Paul says info-capitalism would have to create new markets and new jobs. True, but it has. We have vast numbers of new commodities and global employment at record levels, with low levels of unemployment. The global working class has more than doubled in the last thirty years, and is now the largest class on the planet. In the 19th century, as Marx points out, when machines threw workers out of the factories, the capitalists employed some of them in their houses as cooks, or valets, and others as mistresses. And, as Marx points out, for those workers still in employment, as commodities are cheapened they may have money to spend on these other things themselves. Again, Paul confuses himself, here, saying,

“These could not be in the majority low-paid jobs because the traditional escape mechanism needs lower labour costs to rise” (p 173),

once again confusing the quantity of labour with wages/value of labour-power. Indeed, the lower the value of wage goods becomes, the more of them, even relatively low wage workers can buy, whilst their low wages, in high labour intensive spheres, creates even larger profits. The problem would arise where we reach the point, as in Humans, where androids can also fulfil all of these other functions of domestic servant, nurse, surgeon, sex worker, and so on, and we may not be far away from that position.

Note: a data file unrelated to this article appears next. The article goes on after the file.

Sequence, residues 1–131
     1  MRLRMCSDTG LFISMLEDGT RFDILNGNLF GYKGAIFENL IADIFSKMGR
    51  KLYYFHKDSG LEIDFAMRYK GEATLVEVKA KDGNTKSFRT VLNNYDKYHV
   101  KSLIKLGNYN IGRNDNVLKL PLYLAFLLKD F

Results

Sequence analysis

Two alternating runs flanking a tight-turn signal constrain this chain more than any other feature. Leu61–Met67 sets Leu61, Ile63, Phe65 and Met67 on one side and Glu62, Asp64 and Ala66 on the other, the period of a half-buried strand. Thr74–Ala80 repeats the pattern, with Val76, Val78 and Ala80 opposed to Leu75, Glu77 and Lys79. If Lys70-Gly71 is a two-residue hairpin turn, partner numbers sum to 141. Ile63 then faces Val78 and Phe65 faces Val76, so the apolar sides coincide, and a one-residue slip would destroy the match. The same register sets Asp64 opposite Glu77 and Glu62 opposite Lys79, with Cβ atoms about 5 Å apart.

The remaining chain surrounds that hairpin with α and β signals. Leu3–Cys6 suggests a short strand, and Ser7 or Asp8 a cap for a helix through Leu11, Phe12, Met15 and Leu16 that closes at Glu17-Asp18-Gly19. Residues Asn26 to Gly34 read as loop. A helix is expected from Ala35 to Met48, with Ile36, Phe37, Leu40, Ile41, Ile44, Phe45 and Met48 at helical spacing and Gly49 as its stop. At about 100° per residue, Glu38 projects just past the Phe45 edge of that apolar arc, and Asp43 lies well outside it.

Paul’s obsession with gross revenue rather than net revenue also leads him to think that,

“… the normal escape route — innovation creates expensive new technologies that replace info-tech — is blocked.” (p 173)

Why? Look at Spacex, the Hyperloop, a Mission to Mars and so on. Many of these new spheres of activity are not just fixed capital intensive, they also use little proportionally in the shape of raw materials, but use lots of abstract labour, in the shape of very complex labour, producing high levels of value and surplus value. And, contrary to Paul’s expectations, it’s unlikely a trip into space, on a hyperloop etc. will be free!

Paul brings up the question of property rights,

“To capture the externalities in an information-heavy economy, capital has to extend its ownership rights into new areas; it has to own our selfies, our playlists, not just our published academic papers but the research we did to write them. Yet the technology itself gives us the means to resist this, and makes it long-term impossible.” (p 175)

But, of course, it doesn’t because here we are, placing all of this stuff, be it blogs, cat videos, selfies or whatever, at the disposal of capital for free, and from which it derives vast revenues from advertising, subscription or whatever.

He says that we should be going through a third industrial revolution, but it has stalled. Yet, Paul has himself described the massive expansion of new products seen even since the 2008 crash. I think we’ve seen nothing yet, in that regard. But, the reason things stalled after 2010 has everything to do with Neo-liberalism and the world it created, following the 1980’s, and not the revolutionary role of information technology.

Originally published at on August 20, 2018.